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Market still very buoyant
Oct 15, 2004

With Thanksgiving in the books and Hallowe’en just around the corner, the real estate market in Winnipeg is still “treating” buyers and sellers to record activity.

The numbers are in for September and month-over-month and year-over-year the data show that the Multiple Listing Service® offered by REALTORS® is the place to be whether buying or selling.

For the month of September, listings through the MLS® were up over 22 per cent from August — 1,403 vs. 1,143 — which should start to provide some much needed inventory to bring the market back into balance. Sales through the MLS® were down just six properties from last year’s record-setting September  —1,018 vs. 1,024 — and dollar volume is up a staggering 12 per cent —$122,657,000 vs. $109,535,000. 

The board’s MLS® went over a $1 billion in sales in the second week in September, registering its third $1 billion year in a row.

And year-to-date, the September numbers continue to feed a record setting year. January to October MLS® listings are up eight per cent, sales up are up seven per cent and dollar volume is up 17 per cent.

The highest priced single-family residential MLS® property sold in September for $1.8 million.

The lowest priced single-family residential MLS® listing sold in September for $9,900.

The average number of days on the market was 22.

There are again projections that interest rates will rise in the coming months. We have said in this column many times in the past that interest rates are not a leading indicator of real estate activity. When interest rates were over 20 per cent in 1981, people were still buying houses, refinancing and even buying real estate as an investment.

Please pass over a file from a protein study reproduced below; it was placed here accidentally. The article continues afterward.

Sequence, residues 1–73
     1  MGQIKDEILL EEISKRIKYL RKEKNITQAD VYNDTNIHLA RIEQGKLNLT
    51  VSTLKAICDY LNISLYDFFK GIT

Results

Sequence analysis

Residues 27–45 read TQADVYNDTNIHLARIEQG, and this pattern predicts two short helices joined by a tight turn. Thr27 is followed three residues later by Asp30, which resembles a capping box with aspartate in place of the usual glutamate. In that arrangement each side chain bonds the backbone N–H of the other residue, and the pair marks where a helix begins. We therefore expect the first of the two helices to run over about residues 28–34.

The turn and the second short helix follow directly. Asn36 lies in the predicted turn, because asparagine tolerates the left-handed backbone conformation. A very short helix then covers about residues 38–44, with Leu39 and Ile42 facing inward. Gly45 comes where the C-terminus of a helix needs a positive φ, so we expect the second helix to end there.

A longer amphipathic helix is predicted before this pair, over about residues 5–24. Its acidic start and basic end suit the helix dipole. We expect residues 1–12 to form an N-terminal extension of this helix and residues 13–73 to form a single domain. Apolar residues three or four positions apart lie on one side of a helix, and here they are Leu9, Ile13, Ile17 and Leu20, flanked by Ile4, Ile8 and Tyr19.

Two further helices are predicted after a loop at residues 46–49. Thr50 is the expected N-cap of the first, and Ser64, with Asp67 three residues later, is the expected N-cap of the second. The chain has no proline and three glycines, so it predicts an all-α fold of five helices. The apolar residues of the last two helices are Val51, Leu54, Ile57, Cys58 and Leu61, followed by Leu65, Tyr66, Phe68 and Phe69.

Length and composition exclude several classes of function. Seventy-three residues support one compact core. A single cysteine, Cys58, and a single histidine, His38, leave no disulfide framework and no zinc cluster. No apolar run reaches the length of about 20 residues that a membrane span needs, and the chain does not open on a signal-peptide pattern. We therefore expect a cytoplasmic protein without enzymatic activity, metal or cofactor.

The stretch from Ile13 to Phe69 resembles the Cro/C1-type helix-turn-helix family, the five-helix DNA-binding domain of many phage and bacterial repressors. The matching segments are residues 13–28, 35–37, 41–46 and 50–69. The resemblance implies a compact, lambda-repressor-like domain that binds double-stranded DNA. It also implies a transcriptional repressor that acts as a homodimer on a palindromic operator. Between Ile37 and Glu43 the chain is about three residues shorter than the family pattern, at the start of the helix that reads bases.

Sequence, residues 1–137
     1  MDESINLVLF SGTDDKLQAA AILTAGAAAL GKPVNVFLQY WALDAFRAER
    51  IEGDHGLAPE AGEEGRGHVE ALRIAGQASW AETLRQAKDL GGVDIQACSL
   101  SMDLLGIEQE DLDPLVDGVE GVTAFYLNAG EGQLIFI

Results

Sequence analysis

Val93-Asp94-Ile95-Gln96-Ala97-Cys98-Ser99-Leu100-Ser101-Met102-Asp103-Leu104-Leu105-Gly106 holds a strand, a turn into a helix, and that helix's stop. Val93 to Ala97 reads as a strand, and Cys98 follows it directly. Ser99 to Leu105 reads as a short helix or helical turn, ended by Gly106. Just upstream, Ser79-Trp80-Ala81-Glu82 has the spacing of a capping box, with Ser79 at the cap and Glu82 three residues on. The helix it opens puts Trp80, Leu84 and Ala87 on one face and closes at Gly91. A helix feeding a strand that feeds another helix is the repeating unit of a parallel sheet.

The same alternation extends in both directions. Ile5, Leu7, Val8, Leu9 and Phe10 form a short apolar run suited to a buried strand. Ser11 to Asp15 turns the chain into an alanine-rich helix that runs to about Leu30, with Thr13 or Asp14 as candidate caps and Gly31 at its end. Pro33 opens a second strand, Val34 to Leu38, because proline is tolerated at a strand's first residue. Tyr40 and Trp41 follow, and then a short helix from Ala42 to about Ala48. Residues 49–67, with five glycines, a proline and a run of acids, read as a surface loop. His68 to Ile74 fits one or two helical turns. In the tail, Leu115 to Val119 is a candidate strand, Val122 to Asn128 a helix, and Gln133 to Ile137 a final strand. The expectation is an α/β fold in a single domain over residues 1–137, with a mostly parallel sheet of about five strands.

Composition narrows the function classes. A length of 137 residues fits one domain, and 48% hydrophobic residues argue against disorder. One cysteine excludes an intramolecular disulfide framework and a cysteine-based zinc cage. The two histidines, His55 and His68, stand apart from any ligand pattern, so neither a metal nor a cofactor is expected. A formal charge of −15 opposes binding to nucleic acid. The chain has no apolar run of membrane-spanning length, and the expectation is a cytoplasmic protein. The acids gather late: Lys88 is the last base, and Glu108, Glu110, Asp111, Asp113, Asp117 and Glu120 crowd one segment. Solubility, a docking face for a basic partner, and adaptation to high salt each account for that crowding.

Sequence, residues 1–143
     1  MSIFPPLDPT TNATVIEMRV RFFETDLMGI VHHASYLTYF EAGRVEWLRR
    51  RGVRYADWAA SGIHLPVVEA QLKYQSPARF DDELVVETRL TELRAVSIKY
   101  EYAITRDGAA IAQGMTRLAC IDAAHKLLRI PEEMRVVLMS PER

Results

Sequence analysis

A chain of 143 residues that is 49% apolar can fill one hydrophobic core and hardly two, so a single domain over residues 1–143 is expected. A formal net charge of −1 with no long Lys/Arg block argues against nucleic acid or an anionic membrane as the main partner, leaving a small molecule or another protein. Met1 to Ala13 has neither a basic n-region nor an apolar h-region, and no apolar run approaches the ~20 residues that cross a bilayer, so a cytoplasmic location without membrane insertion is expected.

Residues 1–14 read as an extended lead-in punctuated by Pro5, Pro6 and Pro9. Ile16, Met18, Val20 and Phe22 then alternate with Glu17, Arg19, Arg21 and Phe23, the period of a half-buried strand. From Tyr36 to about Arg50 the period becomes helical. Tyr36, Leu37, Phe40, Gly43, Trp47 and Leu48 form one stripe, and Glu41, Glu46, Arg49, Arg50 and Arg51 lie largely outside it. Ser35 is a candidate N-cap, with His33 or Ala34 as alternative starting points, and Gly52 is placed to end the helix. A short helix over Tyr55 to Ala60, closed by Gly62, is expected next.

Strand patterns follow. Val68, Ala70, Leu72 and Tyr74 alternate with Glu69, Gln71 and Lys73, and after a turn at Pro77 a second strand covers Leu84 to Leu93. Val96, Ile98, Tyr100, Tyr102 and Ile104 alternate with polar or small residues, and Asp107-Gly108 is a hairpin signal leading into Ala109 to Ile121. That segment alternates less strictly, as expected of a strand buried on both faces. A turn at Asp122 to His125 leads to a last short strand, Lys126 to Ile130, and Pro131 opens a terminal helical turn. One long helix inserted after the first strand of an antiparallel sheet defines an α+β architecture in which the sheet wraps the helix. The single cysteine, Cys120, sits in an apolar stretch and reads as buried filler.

Anyone looking to buy merely has to do the math to see the impact of a quarter or  half per cent interest rate increase on the affordability of the property they want to purchase.

On a $100,000 mortgage over 25 years, the monthly principal and interest repayment at six per cent is $639.81. At 6.5 per cent interest the payments are just $669.83.

So, a half point rise in interest rates only makes a difference of a dollar a day on a $100,000 mortgage. If rates jumped a whole point to seven per cent, the monthly payment would still only be $700.42 which is still a manageable number to budget for shelter for most people.

So, projections of interest rate hikes aren’t as devastating as the headline writers would have us to believe. With interest rates at historic lows to start with, consumers are still getting a pretty good deal when borrowing to invest in a principal residence or other investment property.

Maybe those playing the game of sitting on a variable-rate mortgage will decide to lock in to a favourable term if rates go up, but that will only affect the financial houses and not the real estate business.

And, maybe a dramatic rise would decrease or shut down the move-up segment of real estate for a while. But, people still need shelter. And, with the volatility of the stock market, if people are looking to real estate as shelter and an investment, they know that they do not have to put down the full purchase price to benefit from escalating prices. If an investor wants to take advantage of gold or the oil patch, for a $100,000 stake they have to put up $100,000.

For a $100,000 property, an investor can buy that property with $10,000 down and mortgage the rest. He or she can then move in and quit paying rent, or could rent it out to someone else and have that tenant pay the mortgage (this would impact the tax position of the investor).

If the investor bought the property and lived in it as his or her principal residence while paying down the mortgage instead of rent, that’s one way of benefiting from the investment — by building equity. But, if property values are escalating as they have over the past few years, the investor gets to take advantage of that increase as well. If the $100,000 property increases in value by 20 per cent in two to three years and the investor sells, not only does he/she recoup the equity built up from paying down the mortgage, but also realizes a tax-free $20,000 capital gain. And that gain was on a $10,000 investment — not a $100,000 investment!

There are costs associated with ownership that are not realized in renting, but all-in-all it’s not a bad return on a $10,000 down payment.

So, whether looking for affordable shelter or a profitable investment, partner with a REALTOR®.